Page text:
Female BBC staff past and present reacted with fury yesterday after the equality watchdog found no unlawful pay discrimination against women at the corporation.
Former BBC presenter Carrie Gracie, who was at the heart of a huge equal pay row, branded the verdict by the Equality and Human Rights Commission a ‘whitewash’.
The EHRC was criticised for looking in-depth at only ten cases before coming to its conclusion.
A women’s rights charity claimed the probe had not properly examined the strongest cases and did not use ‘robust research’.
Female BBC staff past and present reacted with fury yesterday after the equality watchdog found no unlawful pay discrimination against women at the corporation. Protest: Carrie Gracie (centre, in black) and other BBC female staff stage an equal pay demo outside BBC HQ in London in 2018
High-profile BBC pay cases have involved Miss Gracie, who quit her post as China editor in 2018 over pay inequalities with men, and presenter Samira Ahmed, who earlier this year won an employment tribunal claim.
Radio host Sarah Montague also received a £400,000 settlement and an apology over unequal treatment.
Miss Gracie wrote on Twitter yesterday: ‘EHRC report on BBC equal pay feels like whitewash.’
The presenter, who was given an apology and back-pay in a settlement with the BBC, added: ‘Examined just ten cases…Seriously? Follow the ££ instead. BBC forced to pay out to hundreds of BBC women. Moral of story – don’t rely on regulator, but stay strong, calm, united and justice will prevail.’
BBC Women, a group of more than 150 broadcasters and producers, said yesterday’s findings did not reflect their experiences and claimed the commission had accepted ‘BBC excuses’.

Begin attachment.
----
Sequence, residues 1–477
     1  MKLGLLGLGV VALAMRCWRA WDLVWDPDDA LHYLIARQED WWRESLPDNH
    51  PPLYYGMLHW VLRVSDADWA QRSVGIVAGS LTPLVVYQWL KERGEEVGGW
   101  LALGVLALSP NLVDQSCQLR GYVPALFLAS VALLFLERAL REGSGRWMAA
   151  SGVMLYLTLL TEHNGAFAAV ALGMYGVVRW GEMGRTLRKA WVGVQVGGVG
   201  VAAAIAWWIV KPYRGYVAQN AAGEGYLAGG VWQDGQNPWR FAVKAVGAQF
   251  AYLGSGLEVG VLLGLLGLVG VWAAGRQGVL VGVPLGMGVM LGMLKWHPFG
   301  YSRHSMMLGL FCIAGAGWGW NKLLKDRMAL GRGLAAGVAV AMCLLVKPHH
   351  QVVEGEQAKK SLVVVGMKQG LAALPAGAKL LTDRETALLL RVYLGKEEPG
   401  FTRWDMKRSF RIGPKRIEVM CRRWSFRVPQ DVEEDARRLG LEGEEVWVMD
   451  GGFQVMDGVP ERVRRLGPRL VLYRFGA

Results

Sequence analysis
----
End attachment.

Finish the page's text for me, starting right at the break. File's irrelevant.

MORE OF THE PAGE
They added that new cases were still coming forward and declared: ‘We fight on.’
Former BBC presenter Carrie Gracie (pictured right), who was at the heart of a huge equal pay row, branded the EHRC verdict a ‘whitewash’. Pictured: Samira Ahmed (left) arriving at an equal pay case hearing against the BBC in November 2019
The EHRC found the BBC had not broken the law, but said it should ‘get its house in order’.
It said processes to deal with pay claims had let women down in the past.
The watchdog added there had been a number of areas where the BBC was at risk of unlawful pay discrimination.
It stressed bosses needed to increase transparency and rebuild trust with female staff, some of whom had ‘suffered humiliation, anxiety, insomnia’ after they raised complaints about pay.
The EHRC added the corporation had accepted its historical practices were not fit for purpose and had made significant changes since 2015.
There was a wave of anger at the EHRC ruling given Miss Ahmed’s tribunal win – and the fact the BBC had made more than 500 pay ‘revisions’ for women in recent years.
One BBC insider said there was ‘puzzlement’ that the watchdog had ignored cases where the corporation had settled with female staff.
News presenter Martine Croxall posted a statement from BBC Women on her social media account. It said: ‘We are deeply disappointed by the findings that do not reflect our experiences.